Saturday, 25 April 2015

Album Review: Waterstrider - 'Nowhere Now'

Waterstrider Nowhere Now



Waterstrider, 'Nowhere Now' single


Info: Oakland band Waterstrider released their second album, Nowhere Now, earlier this month, the title track and first single of which was reviewed in March here, and for which I received a lot of positive feedback from Irish bands since, and rightly so. 'Nowhere Now' (above) is a perfect alternative indie rock song which is highly addictive and showcases front man Nate Salman's distinct vocal range and sound very well.

What of the other tracks? Like those who enjoyed the single I was curious as to what the whole album would sound like, so it was great to get stuck into it so soon afterwards. Opening with the melodic and restrained 'White Light', the tone is set for an up and down mood, bouncing persistently between lo-fi and then self-described afro-beats producing a collection of songs that perk your ears stand out. Straight after you get the picture with 'Redwood' which trundles determinedly like a steam engine through it's percussion with the congas keeping everything tightly together. 


Waterstrider, 'Soundless Sea'


A rather emotive track comes in the form of 'Soundless Sea' (above), vocally an absolute joy to listen to, the soft intro accentuated by the gentle single note bass playing which leads to an almost forlorn guitar riff, a close runner for best track behind 'Nowhere Now'. The second single on the album comes in the form of 'Passing Ships', the music ripples on this one with the lyrics touching on human relationships, happiness and taking stock of life. It's the last time I'll mention the vocals because I can't bring them up for every time but on 'Just a Taste' they are soaring, at times filtered to good effect, it's like Chris Isaak and Stevie Nicks doing a duet, but with only one voice, it also delves into a darker arena, and the guitar playing fits the mood perfectly.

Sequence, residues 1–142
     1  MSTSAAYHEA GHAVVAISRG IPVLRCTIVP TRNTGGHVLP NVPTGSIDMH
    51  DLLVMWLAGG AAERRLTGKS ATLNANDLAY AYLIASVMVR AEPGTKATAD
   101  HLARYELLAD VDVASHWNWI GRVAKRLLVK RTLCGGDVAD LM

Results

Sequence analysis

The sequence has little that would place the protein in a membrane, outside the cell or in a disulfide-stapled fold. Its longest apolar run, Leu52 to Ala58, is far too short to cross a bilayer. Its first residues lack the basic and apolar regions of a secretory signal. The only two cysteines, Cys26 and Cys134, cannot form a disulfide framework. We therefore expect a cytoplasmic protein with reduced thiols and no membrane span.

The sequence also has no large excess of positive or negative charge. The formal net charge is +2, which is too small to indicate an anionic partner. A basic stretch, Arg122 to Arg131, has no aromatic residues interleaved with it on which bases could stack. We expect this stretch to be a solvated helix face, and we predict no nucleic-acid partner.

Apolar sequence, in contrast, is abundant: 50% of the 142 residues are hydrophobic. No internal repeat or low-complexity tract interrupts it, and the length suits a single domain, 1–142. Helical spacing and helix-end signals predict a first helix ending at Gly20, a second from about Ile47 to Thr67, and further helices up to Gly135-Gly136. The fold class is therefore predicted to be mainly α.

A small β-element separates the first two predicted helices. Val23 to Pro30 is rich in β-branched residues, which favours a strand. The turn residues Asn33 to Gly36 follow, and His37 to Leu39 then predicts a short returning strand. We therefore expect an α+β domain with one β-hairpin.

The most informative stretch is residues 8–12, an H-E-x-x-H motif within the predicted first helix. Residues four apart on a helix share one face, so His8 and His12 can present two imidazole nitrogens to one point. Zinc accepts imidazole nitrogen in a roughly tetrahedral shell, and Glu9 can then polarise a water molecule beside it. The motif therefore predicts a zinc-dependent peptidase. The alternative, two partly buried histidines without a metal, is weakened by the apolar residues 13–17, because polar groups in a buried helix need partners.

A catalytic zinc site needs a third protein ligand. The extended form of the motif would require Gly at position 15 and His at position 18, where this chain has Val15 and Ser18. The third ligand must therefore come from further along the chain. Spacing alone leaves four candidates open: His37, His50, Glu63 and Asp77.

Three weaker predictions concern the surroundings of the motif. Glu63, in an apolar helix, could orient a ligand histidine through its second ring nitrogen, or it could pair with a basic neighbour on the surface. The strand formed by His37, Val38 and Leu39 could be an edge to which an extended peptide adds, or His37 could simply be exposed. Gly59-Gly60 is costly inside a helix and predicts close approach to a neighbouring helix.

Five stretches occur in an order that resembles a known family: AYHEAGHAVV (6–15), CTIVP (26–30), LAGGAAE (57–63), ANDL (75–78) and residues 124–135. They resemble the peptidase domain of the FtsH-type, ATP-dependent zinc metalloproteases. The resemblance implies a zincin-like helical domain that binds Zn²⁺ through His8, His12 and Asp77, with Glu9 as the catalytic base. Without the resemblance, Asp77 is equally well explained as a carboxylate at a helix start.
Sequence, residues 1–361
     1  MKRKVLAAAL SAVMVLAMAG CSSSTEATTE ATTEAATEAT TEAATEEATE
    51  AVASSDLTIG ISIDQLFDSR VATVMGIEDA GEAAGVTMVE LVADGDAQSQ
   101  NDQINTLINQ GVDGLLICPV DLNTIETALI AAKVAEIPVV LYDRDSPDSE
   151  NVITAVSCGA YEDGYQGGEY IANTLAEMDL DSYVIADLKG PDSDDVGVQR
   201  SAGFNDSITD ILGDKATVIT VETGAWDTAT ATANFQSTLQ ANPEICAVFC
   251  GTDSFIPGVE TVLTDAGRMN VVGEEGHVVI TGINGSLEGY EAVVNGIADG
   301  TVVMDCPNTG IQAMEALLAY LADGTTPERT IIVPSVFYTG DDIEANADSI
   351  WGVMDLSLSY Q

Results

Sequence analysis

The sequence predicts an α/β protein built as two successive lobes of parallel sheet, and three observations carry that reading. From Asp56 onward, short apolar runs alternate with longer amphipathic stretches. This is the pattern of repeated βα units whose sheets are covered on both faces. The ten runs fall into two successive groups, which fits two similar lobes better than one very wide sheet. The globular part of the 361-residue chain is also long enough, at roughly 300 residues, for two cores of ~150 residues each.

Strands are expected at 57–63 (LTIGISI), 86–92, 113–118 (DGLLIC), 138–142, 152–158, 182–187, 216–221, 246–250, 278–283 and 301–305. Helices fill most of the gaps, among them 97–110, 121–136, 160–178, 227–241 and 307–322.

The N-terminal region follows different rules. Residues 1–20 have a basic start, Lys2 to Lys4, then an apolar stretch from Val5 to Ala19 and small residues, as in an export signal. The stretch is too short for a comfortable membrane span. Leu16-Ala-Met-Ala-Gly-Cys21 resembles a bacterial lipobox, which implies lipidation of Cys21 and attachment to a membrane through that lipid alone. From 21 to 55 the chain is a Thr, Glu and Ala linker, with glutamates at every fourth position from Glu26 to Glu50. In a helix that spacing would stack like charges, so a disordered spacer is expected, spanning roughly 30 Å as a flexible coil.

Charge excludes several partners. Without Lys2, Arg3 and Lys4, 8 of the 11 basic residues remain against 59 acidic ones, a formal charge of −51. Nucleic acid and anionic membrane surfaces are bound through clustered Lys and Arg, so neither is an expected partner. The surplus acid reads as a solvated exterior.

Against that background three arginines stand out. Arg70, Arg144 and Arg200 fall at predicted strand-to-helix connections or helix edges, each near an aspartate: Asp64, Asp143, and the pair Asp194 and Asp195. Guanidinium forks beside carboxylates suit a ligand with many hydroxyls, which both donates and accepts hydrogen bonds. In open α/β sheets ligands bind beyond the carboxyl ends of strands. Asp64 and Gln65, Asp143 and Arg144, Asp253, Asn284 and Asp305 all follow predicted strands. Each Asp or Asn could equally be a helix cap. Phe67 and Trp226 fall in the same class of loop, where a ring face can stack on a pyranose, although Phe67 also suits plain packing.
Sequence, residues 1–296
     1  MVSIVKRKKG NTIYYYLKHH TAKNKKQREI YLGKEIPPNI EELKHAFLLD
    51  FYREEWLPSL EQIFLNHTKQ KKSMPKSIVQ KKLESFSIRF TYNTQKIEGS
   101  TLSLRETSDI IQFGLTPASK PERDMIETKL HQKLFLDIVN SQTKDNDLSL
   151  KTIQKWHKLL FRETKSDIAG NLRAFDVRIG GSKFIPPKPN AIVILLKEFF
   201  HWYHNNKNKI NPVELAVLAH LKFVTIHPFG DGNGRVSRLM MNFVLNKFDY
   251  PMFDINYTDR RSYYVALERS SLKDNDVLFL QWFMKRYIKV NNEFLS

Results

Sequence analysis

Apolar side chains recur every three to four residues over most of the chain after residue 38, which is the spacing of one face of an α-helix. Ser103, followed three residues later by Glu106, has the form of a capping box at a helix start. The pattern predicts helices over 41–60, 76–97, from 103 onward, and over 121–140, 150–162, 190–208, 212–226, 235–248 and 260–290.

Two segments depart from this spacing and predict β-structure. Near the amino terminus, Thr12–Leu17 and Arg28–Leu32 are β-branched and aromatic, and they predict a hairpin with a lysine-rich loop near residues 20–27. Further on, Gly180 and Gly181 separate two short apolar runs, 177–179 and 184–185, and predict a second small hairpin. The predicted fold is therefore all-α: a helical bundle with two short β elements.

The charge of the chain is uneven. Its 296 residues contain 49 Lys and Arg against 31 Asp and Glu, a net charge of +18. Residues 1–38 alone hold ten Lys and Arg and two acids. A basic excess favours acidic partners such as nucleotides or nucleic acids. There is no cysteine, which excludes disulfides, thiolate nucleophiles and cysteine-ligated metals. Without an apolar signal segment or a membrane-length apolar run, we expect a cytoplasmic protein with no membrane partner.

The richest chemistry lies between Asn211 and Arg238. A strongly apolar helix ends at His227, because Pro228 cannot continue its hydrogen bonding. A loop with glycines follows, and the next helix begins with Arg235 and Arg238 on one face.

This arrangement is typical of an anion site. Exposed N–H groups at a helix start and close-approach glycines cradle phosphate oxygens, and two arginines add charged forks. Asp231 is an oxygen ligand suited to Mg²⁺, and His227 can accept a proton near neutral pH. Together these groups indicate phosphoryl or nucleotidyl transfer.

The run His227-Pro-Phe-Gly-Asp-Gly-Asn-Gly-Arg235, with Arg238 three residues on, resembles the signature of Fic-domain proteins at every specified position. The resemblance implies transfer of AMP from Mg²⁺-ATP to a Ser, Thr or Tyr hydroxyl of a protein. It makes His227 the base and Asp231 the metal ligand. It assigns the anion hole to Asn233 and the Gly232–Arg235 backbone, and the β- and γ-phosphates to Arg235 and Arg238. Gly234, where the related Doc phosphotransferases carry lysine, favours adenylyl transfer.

Of the remaining tracks 'Calliope' is like a lo-fi version of Cansei De Ser Sexy's (CSS) 'Let's Make Love & Listen To Death From Above' and closing track 'Black Blood' gets at the old heartstrings again, nods to Bon Iver, Band of Horses and Mercury Rev. Nowhere Now is like the album you used to buy before the Internet on CD, you go in dark, and hope for the best, because you've gone on recommendations and possibly heard none of the music, from memory that only paid of one in three times if you were lucky, this would have been one of the lucky times, it's a beautifully arranged album, and both rewarding and touching.




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